Writer, journalist and activist Şule Yüksel Şenler, a figure credited with introducing the modern headscarf to generations of Muslim women and known for her work for a more active role for Muslim women in society, passed away yesterday at the age of 81. Doctors at the Istanbul hospital where she has been in intensive care for about five months for congestive heart failure announced that she died of a septic shock. For younger generations, Şenler is known for her novel "Huzur Sokağı" ("Peace Street"), which was recently adapted into a popular TV drama.
For popular culture pundits, she was the writer who introduced Emine Erdoğan to her future husband, President Recep Tayyip Erdoğan. Şenler was, of course, more than this and left her mark in the history of Muslim women in modern Turkey with her writings and unflinching activism that landed her in prison.
She was born in 1938 in central Turkey's Kayseri to a relatively secular family, who later settled in Istanbul. Şenler dropped out of school and had to work when her family went bankrupt and her mother ailed. She worked as an assistant to an Armenian tailor after leaving middle school, an experience that later led her design of a new type of headscarf for conservative women.
Nevertheless, she found her true calling in writing. She was only 14 when her stories were published in Yelpaze magazine. It was also the writing that led her to adopt "Şule" as her first name as Yüksel was a unisex name and she wanted to highlight her gender.
She was in her 20s when she started penning articles in the Kadın (Woman) newspaper. Though a conservative woman, she was not a practicing Muslim up until her 20s and would later credit her elder brother for introducing her to her new lifestyle. Her brother's advice to read "Risale," a popular book by prominent cleric Said Nursi, changed her life and she started covering her head and performing prayers in the 1960s. Her life would also take another direction in those years when she joined Yeni İstiklal newspaper, where she faced a barrage of lawsuits for her articles.
Şenler was a new voice for Muslim women in overtly "secular" Turkey where Muslim women were shunned in social life and faced a dire choice of either downplaying their religious views or risk criticism and worse by wearing a headscarf. Her articles and a series of conferences in the 1960s and 1970s helped shape the identity of well-educated Muslim women who increasingly took to wearing the headscarf. The headscarf issue that would haunt Muslim women for decades to come and led to their persecution, was Şenler's most renowned cause. So much so, women choosing to wrap their headscarf like her would be called "Şulebaş" (Şule head).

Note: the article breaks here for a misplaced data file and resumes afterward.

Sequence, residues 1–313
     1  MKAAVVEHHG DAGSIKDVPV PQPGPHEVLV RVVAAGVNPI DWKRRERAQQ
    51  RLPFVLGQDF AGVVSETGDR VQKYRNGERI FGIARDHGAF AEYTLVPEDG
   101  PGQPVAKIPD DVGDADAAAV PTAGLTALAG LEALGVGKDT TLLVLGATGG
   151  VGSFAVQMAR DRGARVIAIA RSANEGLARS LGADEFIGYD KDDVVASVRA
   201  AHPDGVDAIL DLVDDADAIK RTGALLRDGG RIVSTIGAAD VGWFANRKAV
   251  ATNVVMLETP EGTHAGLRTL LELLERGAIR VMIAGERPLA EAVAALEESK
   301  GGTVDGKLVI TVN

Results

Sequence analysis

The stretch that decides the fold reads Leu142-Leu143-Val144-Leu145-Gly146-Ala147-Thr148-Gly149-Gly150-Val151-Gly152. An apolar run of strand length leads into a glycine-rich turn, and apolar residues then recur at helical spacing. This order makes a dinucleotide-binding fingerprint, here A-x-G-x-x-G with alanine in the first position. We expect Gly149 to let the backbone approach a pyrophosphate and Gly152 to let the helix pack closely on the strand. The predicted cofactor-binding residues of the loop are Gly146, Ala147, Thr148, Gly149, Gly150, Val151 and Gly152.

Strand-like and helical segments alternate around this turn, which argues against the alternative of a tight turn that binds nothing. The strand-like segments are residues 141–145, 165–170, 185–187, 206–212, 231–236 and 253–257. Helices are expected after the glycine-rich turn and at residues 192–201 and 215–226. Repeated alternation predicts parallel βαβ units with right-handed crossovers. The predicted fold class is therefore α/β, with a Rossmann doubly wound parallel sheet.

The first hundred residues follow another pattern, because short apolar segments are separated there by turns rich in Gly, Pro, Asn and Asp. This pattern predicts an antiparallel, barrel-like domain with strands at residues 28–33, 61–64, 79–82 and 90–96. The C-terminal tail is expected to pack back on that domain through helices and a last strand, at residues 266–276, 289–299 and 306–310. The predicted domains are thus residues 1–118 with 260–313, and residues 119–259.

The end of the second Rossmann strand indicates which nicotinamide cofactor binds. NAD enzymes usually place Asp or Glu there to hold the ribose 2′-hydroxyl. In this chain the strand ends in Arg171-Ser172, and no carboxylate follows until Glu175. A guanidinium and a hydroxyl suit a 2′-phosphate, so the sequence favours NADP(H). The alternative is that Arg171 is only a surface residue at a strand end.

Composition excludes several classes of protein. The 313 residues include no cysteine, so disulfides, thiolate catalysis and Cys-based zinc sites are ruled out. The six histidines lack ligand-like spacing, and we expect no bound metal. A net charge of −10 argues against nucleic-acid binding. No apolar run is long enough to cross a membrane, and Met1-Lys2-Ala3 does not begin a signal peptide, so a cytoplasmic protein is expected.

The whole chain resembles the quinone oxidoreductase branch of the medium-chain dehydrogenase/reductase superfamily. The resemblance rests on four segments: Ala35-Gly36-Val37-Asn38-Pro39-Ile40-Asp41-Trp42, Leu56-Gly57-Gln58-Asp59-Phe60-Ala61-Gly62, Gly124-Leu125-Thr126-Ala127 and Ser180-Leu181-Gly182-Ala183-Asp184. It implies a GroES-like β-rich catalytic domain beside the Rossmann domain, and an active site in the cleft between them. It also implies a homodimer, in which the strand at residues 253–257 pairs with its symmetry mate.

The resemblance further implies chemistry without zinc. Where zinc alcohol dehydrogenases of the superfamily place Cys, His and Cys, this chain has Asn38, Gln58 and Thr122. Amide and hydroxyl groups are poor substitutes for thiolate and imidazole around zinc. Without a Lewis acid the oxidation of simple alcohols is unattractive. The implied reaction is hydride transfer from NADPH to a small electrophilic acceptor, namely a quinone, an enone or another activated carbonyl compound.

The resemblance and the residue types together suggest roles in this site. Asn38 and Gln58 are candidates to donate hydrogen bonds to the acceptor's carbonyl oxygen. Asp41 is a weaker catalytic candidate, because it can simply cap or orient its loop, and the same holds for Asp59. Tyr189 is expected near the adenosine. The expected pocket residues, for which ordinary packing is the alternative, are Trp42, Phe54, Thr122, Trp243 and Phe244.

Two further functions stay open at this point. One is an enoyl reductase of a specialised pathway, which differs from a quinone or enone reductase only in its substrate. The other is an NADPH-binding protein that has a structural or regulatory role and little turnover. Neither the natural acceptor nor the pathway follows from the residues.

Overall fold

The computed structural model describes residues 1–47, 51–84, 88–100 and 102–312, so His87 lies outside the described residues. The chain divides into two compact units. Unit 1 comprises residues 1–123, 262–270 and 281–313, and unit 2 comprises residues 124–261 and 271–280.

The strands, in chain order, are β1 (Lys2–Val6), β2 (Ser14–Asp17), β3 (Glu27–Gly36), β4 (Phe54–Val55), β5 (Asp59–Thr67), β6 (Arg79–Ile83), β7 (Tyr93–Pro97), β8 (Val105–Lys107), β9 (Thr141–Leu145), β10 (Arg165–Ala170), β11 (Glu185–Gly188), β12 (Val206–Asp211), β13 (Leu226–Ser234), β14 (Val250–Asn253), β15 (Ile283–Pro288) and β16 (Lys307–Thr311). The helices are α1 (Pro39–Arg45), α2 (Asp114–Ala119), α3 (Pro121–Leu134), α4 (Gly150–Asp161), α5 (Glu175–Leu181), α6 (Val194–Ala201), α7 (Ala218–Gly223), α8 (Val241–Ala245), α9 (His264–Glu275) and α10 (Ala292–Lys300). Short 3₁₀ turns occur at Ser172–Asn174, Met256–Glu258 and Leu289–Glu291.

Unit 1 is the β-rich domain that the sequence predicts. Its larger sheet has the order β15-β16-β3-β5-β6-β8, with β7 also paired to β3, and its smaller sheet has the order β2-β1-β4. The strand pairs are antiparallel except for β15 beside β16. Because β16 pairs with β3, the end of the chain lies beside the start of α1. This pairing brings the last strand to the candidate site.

She pioneered a new path for women in headscarves with her journalism work as she was one of the first headscarf-wearing journalists in Turkey. Amid her busy schedule, she still found time to publish a magazine with her brother where she drew headscarf and long coat designs for Muslim women. Her designs received overwhelming interest among young women in Anatolia who increasingly took up wearing headscarves to schools. Years later, headscarf-wearing women would be banned from universities by the country's secular elite.
Her activism for women naturally drew the attention of authorities which did not tolerate a headscarf-wearing woman influencing the masses. "Those behind [the increasing number of] covered women on the streets will be punished," President Cevdet Sunay bluntly said in 1971. Şenler, in response, penned a letter to Sunay and called him to apologize to "Allah and the nation." She was charged with insulting the president and was jailed for eight months. Sunay issued a pardon for her two months into her sentence but she refused and served the full term. She resumed her conferences after release and served as a journalist in several newspapers up until the early 2000s. She battled age-related diseases over the past 15 years.
Her books include "Suffering of the Youth," "What Happened to Us?" "Woman in Islam and Today," "Tears of the Civilization," "The Girl and The Flower," but her most famous book was the novel "Peace Street."
The novel, telling the story of a young woman falling in love with a pious man and finding religion in the process was a bestseller and was adapted into a popular film "Crossroads" in 1970. The film was adapted into a TV series under the book's original name in 2012 and again, proved popular among modern audiences.
ERDOĞAN EXPRESSES CONDOLENCES
President Recep Tayyip Erdoğan issued a condolence message on Twitter, accompanied by his photo with Şenler. "I learned with great sorrow the passing of Şule Yüksel Şenler, a pioneer in the headscarf struggle, a valuable writer who devoted her life to raising consciousness among the youth. May Allah bless her soul," Erdoğan said.